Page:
15 August kabul fall. non-fiction, photography by Ahmad Ali Fadakar

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15 August, Kabul Falls.

I don’t see Kabul anymore. Kabul doesn’t have its own blue sky anymore. And the girls of this city can no longer wear their flowery dresses and skirts. They’ve forgotten their laughter.

It was a dark day for Kabul and its people. I didn’t think at all that the Taliban would take over Kabul, and it was hard for me to even imagine it. Unfortunately, this is what happened. On Sunday morning, August 15th, I went to the German-language class as usual, and I didn’t suspect at all that the Taliban would arrive.

I was in the class when one of my classmates received the news. He said, “The Taliban are in Kabul right now, which means that Kabul has fallen.” This news was very sad for me and for my classmates, especially for the girls. Later, the class was closed and everyone was fearful, especially the girls who were in the same class with me. After that, we all left the class and hurriedly went to our homes.

There was chaos in the city. All the people were scared. People hurriedly went to the Kabul airport and to the passport office. That was a dark day in Kabul. I lost my dreams once again, and not only me but thousands of boys and girls of this land lost their dreams, which is profoundly painful for me.

After staying at home for a few days, I decided to make my way to Kabul Airport. I called a German friend of mine, whose name I can’t mention in this article. She sent me a letter telling me to go to Kabul airport. The letter stated that she was in contact with the German soldiers and that they would let me inside the airport.

On Saturday, August 26, I went to Kabul Airport. There was a lot of chaos: women and children were underfoot. No one had mercy on anyone. I saw this with my own eyes. Finally, I reached one of the gates of Kabul Airport, but unfortunately, I couldn’t enter the airport. Then a strong explosion occurred among the people crowded there. Everyone fled and the gate was closed.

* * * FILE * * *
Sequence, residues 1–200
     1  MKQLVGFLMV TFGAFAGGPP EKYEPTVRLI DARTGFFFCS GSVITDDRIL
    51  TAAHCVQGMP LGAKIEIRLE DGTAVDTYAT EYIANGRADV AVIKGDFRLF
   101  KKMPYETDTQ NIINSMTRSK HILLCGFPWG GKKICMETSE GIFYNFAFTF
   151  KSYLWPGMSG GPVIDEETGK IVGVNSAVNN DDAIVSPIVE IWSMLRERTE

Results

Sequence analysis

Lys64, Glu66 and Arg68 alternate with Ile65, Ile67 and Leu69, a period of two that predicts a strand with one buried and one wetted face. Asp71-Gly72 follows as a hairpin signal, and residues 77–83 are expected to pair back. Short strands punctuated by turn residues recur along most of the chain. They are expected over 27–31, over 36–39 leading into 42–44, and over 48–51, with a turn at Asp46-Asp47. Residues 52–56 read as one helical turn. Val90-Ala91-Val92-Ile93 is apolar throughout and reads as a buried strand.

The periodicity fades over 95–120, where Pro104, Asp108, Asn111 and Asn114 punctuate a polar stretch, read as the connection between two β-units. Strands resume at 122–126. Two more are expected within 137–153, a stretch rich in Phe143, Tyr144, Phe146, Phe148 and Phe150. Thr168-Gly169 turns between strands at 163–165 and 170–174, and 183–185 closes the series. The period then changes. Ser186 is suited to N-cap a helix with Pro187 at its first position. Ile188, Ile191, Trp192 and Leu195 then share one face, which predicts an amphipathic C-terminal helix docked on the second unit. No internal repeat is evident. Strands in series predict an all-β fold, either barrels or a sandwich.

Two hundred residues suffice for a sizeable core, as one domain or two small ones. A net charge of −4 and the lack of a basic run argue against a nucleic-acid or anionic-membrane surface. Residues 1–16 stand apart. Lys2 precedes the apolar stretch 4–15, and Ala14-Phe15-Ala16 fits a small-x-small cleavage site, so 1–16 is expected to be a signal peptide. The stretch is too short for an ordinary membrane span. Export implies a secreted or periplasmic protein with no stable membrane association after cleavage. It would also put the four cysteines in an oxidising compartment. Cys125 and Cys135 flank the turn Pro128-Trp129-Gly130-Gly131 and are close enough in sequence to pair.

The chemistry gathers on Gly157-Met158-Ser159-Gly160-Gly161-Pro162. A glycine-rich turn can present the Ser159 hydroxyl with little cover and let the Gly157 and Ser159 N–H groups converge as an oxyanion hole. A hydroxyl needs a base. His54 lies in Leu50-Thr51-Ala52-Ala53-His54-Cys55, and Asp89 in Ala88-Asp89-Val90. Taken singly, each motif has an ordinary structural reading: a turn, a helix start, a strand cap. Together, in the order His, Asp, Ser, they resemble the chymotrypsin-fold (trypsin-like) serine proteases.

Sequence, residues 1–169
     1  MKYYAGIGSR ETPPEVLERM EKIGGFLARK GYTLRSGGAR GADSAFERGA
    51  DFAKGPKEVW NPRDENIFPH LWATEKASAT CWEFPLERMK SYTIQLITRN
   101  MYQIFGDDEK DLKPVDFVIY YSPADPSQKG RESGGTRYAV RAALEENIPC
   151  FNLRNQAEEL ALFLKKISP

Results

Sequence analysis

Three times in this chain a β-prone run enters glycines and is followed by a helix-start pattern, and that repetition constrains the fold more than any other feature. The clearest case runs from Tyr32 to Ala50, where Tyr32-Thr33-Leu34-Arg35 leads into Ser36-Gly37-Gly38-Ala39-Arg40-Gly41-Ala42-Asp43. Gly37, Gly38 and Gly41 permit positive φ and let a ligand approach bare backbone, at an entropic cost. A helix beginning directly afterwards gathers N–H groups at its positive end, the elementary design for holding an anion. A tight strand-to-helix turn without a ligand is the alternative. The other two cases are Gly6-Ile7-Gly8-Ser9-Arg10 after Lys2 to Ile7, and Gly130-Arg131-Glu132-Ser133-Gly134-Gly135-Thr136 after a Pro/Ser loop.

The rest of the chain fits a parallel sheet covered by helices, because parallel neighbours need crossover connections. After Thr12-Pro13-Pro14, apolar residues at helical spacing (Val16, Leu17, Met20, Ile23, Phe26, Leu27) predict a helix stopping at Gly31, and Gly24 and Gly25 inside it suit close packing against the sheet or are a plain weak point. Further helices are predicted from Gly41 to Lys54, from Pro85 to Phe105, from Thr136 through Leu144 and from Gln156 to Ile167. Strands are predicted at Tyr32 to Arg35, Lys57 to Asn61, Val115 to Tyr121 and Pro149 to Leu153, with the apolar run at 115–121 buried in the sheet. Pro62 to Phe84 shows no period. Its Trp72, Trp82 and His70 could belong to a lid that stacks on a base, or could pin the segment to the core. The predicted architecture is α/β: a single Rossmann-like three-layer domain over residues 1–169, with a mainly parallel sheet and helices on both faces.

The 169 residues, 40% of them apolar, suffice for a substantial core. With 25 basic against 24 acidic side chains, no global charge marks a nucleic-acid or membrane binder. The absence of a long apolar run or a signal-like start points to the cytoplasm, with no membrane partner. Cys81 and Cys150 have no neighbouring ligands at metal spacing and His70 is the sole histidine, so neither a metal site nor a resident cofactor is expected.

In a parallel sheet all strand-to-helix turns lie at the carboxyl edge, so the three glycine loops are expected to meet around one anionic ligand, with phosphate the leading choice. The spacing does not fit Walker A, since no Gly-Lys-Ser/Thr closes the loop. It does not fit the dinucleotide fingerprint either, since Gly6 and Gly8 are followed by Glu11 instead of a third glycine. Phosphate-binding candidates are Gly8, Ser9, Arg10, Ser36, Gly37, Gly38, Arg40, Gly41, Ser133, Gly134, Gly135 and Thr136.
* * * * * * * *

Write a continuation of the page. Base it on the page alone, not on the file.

I saw terrible things: women, children, and young men were covered in blood. I thank God that I managed to return home safely that day. And yet, since that day I’ve been feeling confused. I lost my dreams and myself that day, and thousands of people in this land have experienced the same bitter story. I write this in the hope of liberating Kabul from the oppression of the Taliban some day.

Ahmad Fadakar, Afghan photographer. 

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Published by darcie friesen hossack

Darcie Friesen Hossack is a graduate of the Humber School for Writers. Her short story collection, Mennonites Don’t Dance, was a runner-up for the Danuta Gleed Award, shortlisted for the Commonwealth Writers Prize and the Ontario Library Association's Forest of Reading Evergreen Award for Adult Fiction. Citing irreverence, the book was banned by the LaCrete Public Library in Northern Alberta. Having mentored with Giller finalists Sandra Birdsell (The Russlander) and Gail Anderson Dargatz (Spawning Grounds, The Cure for Death by Lightening), Darcie is now completing her first novel where, for a family with a Seventh-day Adventist father and a Mennonite mother, the End Times are just around the corner. Darcie is also a four time judge of the Whistler Independent Book Awards, and a career food writer. She lives in Northern Alberta, Canada, with her husband, international award-winning chef, Dean Hossack.

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